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Top 5 Videos: University of Michigan Reduces Warping in Metal 3D Printing

Published on April 16, 2022 by Madeleine P.
University of Michigan

While, you spend time with families over the holiday weekend, we at 3Dnatives are sharing with you, as with every week, some of the top 3D printing videos that we found. Start off, we have a video from the University of Michigan where researchers have developed a software to reduce warping in metal 3D printing. Next, an interview with FabRx to talk more about 3D printed medicine, how 3D printed drugs work and what’s coming next in the field. Then, check out an anatomically correct heart printed using TPU and a BCN3D FDM printer. Ranking at top 4 on our list, celebrate Easter with Flashforge! In a video, the company shows how you can use their printers to make a “surprise Easter egg” just in time for the holiday. Finally, finish of the week with a look at the partnership between Markforged and Vestas. Happy Easter and Happy Sunday!

Top 1: University of Michigan Develops Software to Reduce Warping in Metal 3D Printing

Warping is one of the biggest concerns for users of metal 3D printing methods, including LPBF. Considering the fact that many of the applications for metal 3D printing centers on industries with high industries including, but certainly not limited to, aerospace, automoative and biomedical, many are working to solve this issue in order to ensure that parts made are still usable. Now University of Michigan researchers have unveiled their own project. Led by Chinedum Okwudire, Associate Professor of Mechanical Engineering, the team has developed a thermal-model-based software that direct printer lasers on the optimal scanning sequence to reduce warpage. Check out more in the video below:

Top 2: FabRx is Developing Personalized 3D Printed Medicine

In our latest 3D Interview, we sat down with Alvaro Goyanes, Co-Founder & CEO of FaBRX, to discuss drug printing technologies and their importance for the future of medicine. 3D printed medicine is becoming increasingly popular as it provides a way to create completely personalized drugs which could revolutionize healthcare, especially for those with complicated conditions. Alvaro told us more about how it works as well as about FabRx’s current project.

Top 3: An Anatomically Correct Heart From BCN3D

One of the increasingly common applications that we are seeing for 3D printing in healthcare is the creation of anatomically accurate part to help students and surgeons study before complicated procedures. However did you know that it was possible to make one out of TPU and using an FDM 3D printer? BCN3D shows the capabilities of printers in the video below. Using thermoplastic polyurethane (95 A TPU) and BVOH for the supports, they print a heart where you can clearly see all the ventricles and chambers.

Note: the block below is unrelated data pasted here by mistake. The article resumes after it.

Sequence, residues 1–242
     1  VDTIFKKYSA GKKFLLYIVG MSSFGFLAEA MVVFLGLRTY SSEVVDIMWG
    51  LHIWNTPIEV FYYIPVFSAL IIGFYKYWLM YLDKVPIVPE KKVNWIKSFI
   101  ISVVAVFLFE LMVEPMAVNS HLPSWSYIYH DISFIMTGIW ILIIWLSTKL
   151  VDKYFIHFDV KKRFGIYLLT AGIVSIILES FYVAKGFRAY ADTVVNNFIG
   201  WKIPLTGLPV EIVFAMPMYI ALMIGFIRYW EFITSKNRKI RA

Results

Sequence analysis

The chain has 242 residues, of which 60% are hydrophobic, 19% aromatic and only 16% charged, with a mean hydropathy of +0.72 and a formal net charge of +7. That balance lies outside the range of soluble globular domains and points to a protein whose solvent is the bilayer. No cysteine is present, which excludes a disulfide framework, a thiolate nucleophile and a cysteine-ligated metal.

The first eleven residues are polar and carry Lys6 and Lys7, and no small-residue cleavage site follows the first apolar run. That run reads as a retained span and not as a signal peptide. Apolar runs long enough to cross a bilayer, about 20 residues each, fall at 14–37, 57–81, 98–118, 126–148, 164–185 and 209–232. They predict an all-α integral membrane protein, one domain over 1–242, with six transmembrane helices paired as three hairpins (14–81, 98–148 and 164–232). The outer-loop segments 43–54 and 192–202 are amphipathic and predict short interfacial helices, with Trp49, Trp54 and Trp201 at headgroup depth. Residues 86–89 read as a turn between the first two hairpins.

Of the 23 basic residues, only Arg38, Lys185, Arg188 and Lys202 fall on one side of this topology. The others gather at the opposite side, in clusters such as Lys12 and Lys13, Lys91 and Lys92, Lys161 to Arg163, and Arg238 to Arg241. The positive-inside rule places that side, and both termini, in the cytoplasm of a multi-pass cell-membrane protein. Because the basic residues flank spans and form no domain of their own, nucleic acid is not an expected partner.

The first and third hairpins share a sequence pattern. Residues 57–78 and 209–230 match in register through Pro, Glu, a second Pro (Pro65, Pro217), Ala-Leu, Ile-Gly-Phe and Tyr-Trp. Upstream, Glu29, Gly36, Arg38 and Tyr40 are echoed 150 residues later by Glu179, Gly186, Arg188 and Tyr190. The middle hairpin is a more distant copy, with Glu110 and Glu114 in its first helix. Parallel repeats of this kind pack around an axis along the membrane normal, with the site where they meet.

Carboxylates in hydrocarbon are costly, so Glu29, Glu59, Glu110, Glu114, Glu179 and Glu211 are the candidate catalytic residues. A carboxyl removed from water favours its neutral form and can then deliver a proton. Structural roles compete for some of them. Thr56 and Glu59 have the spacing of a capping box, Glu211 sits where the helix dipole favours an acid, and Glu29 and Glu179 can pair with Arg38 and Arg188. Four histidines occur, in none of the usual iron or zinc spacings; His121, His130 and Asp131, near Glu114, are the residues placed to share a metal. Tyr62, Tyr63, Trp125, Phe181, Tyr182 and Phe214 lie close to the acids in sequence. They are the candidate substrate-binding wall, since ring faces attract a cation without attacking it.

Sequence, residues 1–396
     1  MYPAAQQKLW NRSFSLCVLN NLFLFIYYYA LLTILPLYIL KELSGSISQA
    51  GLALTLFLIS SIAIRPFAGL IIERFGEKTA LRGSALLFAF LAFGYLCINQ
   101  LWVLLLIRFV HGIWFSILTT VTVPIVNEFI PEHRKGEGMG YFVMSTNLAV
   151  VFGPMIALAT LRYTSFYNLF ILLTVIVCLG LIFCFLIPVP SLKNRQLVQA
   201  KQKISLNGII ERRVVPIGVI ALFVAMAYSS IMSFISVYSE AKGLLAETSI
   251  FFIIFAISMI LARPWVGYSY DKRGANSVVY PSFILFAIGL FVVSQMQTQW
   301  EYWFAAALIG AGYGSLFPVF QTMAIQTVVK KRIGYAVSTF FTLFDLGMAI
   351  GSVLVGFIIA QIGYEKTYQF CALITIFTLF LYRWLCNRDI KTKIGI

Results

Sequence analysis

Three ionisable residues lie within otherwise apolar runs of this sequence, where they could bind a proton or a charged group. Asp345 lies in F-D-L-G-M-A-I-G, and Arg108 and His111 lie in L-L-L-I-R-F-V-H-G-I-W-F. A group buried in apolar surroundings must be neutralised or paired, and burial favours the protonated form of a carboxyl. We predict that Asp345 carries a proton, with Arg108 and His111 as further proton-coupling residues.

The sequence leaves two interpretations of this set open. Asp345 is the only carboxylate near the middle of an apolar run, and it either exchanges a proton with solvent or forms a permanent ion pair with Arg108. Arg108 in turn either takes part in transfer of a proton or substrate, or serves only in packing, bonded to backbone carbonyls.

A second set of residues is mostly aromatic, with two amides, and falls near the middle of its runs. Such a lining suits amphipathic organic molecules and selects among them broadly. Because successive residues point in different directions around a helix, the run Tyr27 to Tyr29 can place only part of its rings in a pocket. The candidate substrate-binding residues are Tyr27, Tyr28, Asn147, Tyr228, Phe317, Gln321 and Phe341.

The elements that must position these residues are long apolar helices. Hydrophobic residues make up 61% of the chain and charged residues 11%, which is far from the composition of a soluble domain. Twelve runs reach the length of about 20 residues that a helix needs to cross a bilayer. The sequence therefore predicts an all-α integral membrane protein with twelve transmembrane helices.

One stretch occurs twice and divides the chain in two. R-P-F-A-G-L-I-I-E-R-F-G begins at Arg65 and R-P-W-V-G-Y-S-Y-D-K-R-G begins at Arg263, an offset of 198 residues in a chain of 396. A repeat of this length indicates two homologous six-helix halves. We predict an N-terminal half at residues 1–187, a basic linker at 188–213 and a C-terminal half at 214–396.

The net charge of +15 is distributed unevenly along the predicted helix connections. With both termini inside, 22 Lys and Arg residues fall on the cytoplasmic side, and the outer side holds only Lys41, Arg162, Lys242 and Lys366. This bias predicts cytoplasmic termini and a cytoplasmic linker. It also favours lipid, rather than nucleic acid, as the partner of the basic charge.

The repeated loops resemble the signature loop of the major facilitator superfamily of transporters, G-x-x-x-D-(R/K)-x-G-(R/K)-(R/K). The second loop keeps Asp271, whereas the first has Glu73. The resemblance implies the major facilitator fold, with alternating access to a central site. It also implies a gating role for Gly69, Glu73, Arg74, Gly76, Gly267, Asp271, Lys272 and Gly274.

Top 4: Celebrate Easter with Flashforge

Excited for the holiday? Then dive head first into the festivities with this next video from Flashforge. The Chinese manufacturer shows hows users can recreate a surprise Easter egg where anyone can hide not their goodies from the day, but a mini excavator! The perfect gift for any children in your lives or anyone young at heart on Sunday. Watch the video to learn how to do it yourself!

Top 5: Markforged Helps Reduce Carbon Emissions with Vestas

In this next video, well-known American 3D printer manufacturer Markforged asked the question “How do enterprise businesses reduce costs, lead time and carbon emissions?” For the company Vestas, a global leader in wind energy, Markforged’s Digital Forge platform enables it to support direct digital manufacturing (DDM) program in turn allowing for local development, rather than relying on supply chains which can result in a higher carbon footprint. Learn more about their partnership and why the company chose to turn not just to 3D printing, but to Markforged’s solutions.

What do you think of the new software from the University of Michigan? Will you use it to help address warping issues during metal 3D printing? Let us know in a comment below or on our LinkedinFacebook, and Twitter pages! Don’t forget to sign up for our free weekly Newsletter here, the latest 3D printing news straight to your inbox! You can also find all our videos on our YouTube channel.

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